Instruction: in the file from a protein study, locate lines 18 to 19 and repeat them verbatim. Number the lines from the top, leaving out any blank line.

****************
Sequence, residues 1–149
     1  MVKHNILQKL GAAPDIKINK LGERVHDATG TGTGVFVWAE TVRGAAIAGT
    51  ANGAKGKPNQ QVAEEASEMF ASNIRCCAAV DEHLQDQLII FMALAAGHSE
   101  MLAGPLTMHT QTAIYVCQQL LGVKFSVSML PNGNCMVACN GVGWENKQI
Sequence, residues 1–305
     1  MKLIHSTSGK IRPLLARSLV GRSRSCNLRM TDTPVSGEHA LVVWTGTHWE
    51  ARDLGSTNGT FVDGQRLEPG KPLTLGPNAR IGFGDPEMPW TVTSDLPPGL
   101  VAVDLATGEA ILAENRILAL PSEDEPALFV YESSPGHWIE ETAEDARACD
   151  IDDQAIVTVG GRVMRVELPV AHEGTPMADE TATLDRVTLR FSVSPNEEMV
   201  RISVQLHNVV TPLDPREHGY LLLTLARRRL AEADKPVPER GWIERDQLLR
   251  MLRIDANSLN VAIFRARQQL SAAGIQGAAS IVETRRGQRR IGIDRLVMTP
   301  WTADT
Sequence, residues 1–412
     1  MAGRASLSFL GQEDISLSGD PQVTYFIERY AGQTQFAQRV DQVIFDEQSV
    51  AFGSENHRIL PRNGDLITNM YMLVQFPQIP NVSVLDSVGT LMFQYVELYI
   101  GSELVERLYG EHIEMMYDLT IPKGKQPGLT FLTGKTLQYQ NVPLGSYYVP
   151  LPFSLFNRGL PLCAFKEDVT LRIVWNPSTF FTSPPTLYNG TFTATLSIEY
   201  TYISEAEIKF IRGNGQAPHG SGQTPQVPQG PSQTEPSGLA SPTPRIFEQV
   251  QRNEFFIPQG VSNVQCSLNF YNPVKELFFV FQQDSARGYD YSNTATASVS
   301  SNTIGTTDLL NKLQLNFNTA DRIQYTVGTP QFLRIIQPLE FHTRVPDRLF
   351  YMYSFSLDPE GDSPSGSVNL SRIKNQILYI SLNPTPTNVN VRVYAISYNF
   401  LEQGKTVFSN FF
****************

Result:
   201  TYISEAEIKF IRGNGQAPHG SGQTPQVPQG PSQTEPSGLA SPTPRIFEQV
   251  QRNEFFIPQG VSNVQCSLNF YNPVKELFFV FQQDSARGYD YSNTATASVS